All perfect praise be to Allah, The Lord of the Worlds. I testify that there is none worthy of worship except Allah, and that Muhammad is His slave and Messenger.
We have already explained in several Fataawa that the basic principle in determining the time of Prayers is the signs that the lawmaker [i.e. Allah] set up for that and not calendars, and that there is nothing wrong with relying on those calendars that are issued by trusted bodies.
With regard to the red twilight and its disappearance, it is possible to see it with the naked eye in principle, but this may not be possible in towns due to the abundance of lights. So, if you can know the time of the beginning of dawn and ‘Isha Prayers by seeing the true dawn at Fajr and the disappearance of the red twilight at ‘Isha, then that is good. If you cannot do that – and this is mostly the case of those who live in cities – and it is necessary to rely on one of those calendars, then act according to the calendar whose beginning time [for the Prayer] is late, because the Prayer is not valid until after being certain that its time has begun or predominantly thinking that it is the case.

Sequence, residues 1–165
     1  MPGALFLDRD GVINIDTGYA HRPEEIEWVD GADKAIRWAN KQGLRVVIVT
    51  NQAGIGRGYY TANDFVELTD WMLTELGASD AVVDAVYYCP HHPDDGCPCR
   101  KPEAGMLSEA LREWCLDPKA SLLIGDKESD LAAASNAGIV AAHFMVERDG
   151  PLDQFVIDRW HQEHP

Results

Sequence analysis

Ibn Qudamah said in Al-Mughni:
“If one doubts about the beginning of the time of the Prayer, then he does not pray until he is certain of its beginning, or that he predominantly thinks that its time has begun.” [End of quote]
Based on this, if the beginning of the time of Fajr in one of these calendars is at 5:15, for example – and on another calendar its beginning time is 5:30 – then relay on this second calendar and not the first one. The same thing applies to the ‘Isha Prayer; if its time starts in one of the calendars at 6:15, for example, and on another calendar its time starts at 6:30, then rely on this second calendar and do not rely on the first, so that you perform the Prayer after you predominantly think that its time had begun.
Allah knows best.